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The Pale Orange Dot: The Spectrum and Habitability of Hazy Archean Earth
Recognizing whether a planet can support life is a primary goal of future exoplanet spectral characterization missions, but past research on habitability assessment has largely ignored the vastly different conditions that have existed in our planet’s long habitable history.
This study presents simulations of a habitable yet dramatically different phase of Earth’s history, when the atmosphere contained a Titan-like organic-rich haze. Prior work has claimed a haze-rich Archean Earth (3.8-2.5 billion years ago) would be frozen due to the haze’s cooling effects. However, no previous studies have self-consistently taken into account climate, photochemistry, and fractal hazes. Here, we demonstrate using coupled climate-photochemical-microphysical simulations that hazes can cool the planet’s surface by about 20 K, but habitable conditions with liquid surface water could be maintained with a relatively thick haze layer (tau ~ 5 at 200 nm) even with the fainter young sun.
We find that optically thicker hazes are self-limiting due to their self-shielding properties, preventing catastrophic cooling of the planet. Hazes may even enhance planetary habitability through UV shielding, reducing surface UV flux by about 97% compared to a haze-free planet, and potentially allowing survival of land-based organisms 18.104.22.168 billion years ago.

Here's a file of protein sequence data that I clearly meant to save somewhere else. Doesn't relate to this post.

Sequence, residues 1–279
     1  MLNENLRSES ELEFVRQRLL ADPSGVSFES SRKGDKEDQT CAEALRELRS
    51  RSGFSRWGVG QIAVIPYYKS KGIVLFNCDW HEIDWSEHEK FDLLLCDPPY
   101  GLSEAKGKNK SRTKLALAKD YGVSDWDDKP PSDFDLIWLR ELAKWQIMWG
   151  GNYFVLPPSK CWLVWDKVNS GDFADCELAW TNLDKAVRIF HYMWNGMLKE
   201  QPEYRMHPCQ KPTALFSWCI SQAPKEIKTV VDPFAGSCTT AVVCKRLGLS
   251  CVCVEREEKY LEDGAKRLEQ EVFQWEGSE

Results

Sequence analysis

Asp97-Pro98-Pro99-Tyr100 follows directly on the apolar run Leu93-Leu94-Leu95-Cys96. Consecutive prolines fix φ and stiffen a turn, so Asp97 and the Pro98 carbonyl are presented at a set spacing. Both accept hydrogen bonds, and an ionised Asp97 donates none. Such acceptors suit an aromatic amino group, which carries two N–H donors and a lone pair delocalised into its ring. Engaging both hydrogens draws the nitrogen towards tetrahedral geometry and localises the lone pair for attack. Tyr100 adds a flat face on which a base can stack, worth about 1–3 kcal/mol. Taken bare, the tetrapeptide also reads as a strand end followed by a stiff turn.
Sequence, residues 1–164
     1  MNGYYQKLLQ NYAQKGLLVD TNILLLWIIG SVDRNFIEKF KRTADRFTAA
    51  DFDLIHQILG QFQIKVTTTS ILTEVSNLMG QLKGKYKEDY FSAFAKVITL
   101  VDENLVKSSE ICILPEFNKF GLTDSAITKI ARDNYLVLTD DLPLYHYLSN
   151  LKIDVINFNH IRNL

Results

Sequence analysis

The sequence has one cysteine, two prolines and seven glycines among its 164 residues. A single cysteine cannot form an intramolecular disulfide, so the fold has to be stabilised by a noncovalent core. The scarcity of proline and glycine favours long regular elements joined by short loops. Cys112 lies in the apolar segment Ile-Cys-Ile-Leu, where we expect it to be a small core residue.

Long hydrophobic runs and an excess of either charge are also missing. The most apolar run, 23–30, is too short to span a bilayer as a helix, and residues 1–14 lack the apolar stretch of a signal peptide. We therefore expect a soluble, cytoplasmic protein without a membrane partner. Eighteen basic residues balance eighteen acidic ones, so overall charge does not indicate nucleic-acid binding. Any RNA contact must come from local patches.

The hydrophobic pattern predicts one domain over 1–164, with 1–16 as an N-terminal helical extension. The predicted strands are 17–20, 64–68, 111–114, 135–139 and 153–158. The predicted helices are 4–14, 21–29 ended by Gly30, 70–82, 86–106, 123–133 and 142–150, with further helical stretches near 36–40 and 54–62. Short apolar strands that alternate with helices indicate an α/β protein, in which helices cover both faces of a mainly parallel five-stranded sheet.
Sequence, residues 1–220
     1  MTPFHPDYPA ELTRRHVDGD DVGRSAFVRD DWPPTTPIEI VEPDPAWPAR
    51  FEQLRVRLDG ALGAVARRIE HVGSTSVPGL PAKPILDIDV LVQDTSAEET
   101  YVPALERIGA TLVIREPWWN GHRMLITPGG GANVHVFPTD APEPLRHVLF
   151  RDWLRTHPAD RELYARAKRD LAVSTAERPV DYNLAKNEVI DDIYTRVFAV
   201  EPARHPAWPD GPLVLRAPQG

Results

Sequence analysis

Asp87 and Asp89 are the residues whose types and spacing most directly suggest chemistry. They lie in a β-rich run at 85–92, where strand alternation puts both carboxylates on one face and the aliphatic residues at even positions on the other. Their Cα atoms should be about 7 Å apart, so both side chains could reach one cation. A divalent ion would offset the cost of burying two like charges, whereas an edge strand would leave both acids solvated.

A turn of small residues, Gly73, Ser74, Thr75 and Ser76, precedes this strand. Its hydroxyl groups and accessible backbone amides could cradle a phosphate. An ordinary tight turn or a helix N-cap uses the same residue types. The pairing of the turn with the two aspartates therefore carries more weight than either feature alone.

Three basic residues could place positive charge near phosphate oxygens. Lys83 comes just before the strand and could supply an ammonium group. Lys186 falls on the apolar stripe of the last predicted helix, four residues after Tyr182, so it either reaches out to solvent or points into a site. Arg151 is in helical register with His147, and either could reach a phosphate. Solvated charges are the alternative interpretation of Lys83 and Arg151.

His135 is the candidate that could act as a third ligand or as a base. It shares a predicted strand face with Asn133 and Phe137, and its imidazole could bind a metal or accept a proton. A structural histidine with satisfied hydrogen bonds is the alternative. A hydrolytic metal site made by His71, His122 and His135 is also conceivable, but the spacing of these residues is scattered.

The broad UV absorption signature produced by this haze may be visible across interstellar distances, allowing characterization of similar hazy exoplanets. The haze in Archean Earth’s atmosphere was strongly dependent on biologically-produced methane, and we propose hydrocarbon haze may be a novel type of spectral biosignature on planets with substantial levels of CO2. Hazy Archean Earth is the most alien world for which we have geochemical constraints on environmental conditions, providing a useful analog for similar habitable, anoxic exoplanets.
Giada Arney, Shawn D. Domagal-Goldman, Victoria S. Meadows, Eric T. Wolf, Edward Schwieterman, Benjamin Charnay, Mark Claire, Eric Hébrard, Melissa G. Trainer
(Submitted on 14 Oct 2016)
Comments: 111 pages, 15 figures, 4 tables, accepted for publication in Astrobiology
Subjects: Earth and Planetary Astrophysics (astro-ph.EP)
Cite as: arXiv:1610.04515 [astro-ph.EP] (or arXiv:1610.04515v1 [astro-ph.EP] for this version)
From: Giada Arney
[v1] Fri, 14 Oct 2016 16:08:28 GMT (8117kb)